We’ve already assessed the NFL’s top ten most valuable teams, so it only seemed appropriate to look at the other side of the coin. Today, we’ll break down the least valuable franchises in the league. The usual suspects (read: the Browns, Jags, and Raiders) are here, but there are a few surprises too (I was personally shocked to see the Saints fall on this list).
1. The Oakland Raiders are worth $825 million and have not enjoyed a winning season since 2002. Nonetheless, their fans are immensely loyal and the franchise still had a revenue of $229 million in 2012. Hopefully the addition of players like Khalil Mack will help the squad turn things around over the course of the next several years.
2. The Jacksonville Jaguars are valued at $840 million. Though the team has had some trouble filling the stands at EverBank Stadium in recent years, they’re hoping the addition of luxury poolside cabanas (sign me up for the Colts game in Jville!) will boost attendance. In 2012, the franchise had a total revenue of $260 million.
3. The Buffalo Bills, who are worth $870 million and brought in $256 million in revenue in 2012, are currently waiting for a $100 million renovation of Ralph Wilson Stadium to be completed. The facility is the 3rd oldest in the NFL, but is much loved by both fans and players, so the organization opted to revamp rather than raze it.
4. The St. Louis Rams (at least for now) are worth $875 million. If the city of St. Louis and the state of Missouri don’t act fast to add a slew of bells and whistles to Edward Jones Dome, though, they risk losing the team, who earned $239 million in 2012, in March of 2015.
5. The Detroit Lions, who inked Coach Jim Caldwell during this off-season, clock-in with a value of $900 million. The club brought in $248 million in revenue in 2012. Hopefully Caldwell and Co. can help the Lions find some measure of consistency in 2014; the team has talent (Megatron, anyone?), but they can’t seem to fully harness their potential.
6. The Cincinnati Bengals are worth $924 million. In 2012, the team brought in $250 million worth of revenue after cutting their ticket prices rather dramatically. This did increase attendance at their games, but they still couldn’t manage to win a play-off game. In a game where success is largely measured by the number of Super Bowl rings on one’s finger, the Red Rocket’s legacy isn’t looking too good at this point.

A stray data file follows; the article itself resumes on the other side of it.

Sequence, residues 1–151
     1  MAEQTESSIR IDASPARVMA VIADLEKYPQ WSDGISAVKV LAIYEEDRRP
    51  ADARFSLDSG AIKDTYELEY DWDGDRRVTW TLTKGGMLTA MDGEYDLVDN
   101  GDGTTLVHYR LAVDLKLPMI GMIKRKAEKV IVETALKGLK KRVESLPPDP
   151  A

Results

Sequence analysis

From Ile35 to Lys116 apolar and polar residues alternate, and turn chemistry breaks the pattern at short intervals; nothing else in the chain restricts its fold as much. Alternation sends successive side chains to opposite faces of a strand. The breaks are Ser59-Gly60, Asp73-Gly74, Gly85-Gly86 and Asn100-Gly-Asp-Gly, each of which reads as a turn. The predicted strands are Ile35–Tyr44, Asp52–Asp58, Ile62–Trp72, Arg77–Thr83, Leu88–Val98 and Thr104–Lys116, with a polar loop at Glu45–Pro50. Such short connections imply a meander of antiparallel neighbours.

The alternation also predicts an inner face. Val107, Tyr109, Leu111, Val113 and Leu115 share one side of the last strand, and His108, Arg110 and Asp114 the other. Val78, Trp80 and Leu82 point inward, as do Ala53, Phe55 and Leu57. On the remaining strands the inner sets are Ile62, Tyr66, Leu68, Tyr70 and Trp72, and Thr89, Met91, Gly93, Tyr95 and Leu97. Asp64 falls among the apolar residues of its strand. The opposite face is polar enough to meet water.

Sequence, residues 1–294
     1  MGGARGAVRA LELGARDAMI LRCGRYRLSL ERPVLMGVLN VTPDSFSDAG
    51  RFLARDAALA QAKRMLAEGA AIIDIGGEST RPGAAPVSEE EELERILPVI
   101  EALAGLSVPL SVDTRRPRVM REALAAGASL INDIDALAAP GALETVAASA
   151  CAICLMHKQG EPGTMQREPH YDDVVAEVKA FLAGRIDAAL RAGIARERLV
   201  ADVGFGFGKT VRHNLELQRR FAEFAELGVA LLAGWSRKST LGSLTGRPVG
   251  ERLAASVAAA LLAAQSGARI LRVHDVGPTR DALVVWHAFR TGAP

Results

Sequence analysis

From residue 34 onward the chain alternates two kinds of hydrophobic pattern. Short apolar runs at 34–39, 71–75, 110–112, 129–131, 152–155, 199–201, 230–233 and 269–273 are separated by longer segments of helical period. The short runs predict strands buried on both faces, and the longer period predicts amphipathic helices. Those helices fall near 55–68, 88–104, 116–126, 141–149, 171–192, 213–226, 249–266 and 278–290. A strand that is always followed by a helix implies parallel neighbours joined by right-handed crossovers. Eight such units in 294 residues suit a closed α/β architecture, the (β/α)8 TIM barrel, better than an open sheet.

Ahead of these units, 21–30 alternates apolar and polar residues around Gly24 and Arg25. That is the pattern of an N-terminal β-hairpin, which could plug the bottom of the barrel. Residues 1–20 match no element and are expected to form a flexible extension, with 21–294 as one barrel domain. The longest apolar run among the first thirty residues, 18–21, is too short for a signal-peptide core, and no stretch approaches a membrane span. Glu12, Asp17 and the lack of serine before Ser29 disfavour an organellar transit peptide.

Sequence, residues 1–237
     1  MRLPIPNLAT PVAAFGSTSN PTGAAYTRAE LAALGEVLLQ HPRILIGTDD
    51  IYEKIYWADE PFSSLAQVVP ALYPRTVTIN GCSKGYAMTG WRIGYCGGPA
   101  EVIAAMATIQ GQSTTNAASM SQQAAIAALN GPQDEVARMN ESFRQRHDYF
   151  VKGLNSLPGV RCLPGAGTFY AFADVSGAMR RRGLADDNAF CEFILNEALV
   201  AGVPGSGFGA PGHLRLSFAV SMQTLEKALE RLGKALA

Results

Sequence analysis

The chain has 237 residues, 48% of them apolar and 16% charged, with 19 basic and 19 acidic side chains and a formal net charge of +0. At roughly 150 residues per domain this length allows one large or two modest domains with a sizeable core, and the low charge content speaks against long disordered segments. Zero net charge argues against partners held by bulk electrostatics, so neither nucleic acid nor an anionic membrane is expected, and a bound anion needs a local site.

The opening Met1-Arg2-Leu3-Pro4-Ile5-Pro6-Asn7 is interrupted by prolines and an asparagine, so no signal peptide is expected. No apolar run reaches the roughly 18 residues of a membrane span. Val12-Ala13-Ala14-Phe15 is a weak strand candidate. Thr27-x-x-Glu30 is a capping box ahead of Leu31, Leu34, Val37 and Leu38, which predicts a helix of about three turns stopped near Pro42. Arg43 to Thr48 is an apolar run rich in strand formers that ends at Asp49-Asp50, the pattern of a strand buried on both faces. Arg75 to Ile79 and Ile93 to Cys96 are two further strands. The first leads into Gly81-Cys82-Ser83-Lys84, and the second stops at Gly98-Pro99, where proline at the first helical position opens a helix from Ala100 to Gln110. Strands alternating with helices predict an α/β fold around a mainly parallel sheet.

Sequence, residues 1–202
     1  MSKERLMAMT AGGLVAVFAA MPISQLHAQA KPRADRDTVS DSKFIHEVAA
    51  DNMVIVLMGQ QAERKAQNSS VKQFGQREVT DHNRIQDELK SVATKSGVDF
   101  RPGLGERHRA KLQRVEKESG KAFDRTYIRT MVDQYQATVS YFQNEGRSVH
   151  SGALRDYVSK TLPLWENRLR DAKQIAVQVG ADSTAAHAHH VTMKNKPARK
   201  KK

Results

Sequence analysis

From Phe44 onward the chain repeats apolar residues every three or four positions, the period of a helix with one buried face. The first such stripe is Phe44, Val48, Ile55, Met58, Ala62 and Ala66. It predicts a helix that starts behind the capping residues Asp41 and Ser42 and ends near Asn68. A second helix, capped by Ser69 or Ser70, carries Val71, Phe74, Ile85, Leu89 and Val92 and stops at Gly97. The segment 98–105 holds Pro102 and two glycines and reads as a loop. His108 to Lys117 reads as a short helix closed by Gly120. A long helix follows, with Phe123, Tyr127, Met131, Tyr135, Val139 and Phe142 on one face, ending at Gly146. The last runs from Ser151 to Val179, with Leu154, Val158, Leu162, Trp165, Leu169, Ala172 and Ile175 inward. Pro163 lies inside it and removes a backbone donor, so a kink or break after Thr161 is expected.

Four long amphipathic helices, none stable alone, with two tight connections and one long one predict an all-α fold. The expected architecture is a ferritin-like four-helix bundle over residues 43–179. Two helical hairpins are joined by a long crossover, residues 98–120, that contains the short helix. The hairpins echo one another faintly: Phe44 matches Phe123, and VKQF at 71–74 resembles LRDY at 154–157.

7. The Atlanta Falcons, valued at $933 million, had a dismal 2013 campaign after making it to the NFC championship game the previous year. During their exceptional 2012 season, the squad earned $252 million in revenue. Hopefully the promise of a new, billion dollar stadium will spur the Falcons to action when September rolls around.
8. The San Diego Chargers, who finally looked alive at the end of last season (I’m crediting Philip Rivers's bolo tie) after three solid years of losing records, are worth $949 million. The team brought in $250 million in revenue in 2012 and are currently working with the city of San Diego to make their dream of a new stadium a reality. RIP Qualcomm?
9. The Arizona Cardinals, valued at $961 million, will host the upcoming season’s Super Bowl in their stadium this year. The club, led by Coach Bruce Arians, will look to make a post-season run after just missing out in 2013. The Cards’ 2012 revenue was $253 million.
10.* As I mentioned, I was surprised to learn that the New Orleans Saints are worth just $1.005 billion. They are arguably one of the most famous teams in the league, after all. The franchise brought in $276 million in revenue in 2012 and are expected to bring in nearly $400 million in added revenue through the year 2025 due to their leasing agreement on the Mercedes-Benz Superdome.
11.* The Cleveland Browns are also valued at $1.005 billion. In 2012, their revenue was $264 million. The club hasn’t won more than 6 games in a single season in over a decade, so perhaps a few Ws would raise their worth. We’ll see what Johnny Football can manage.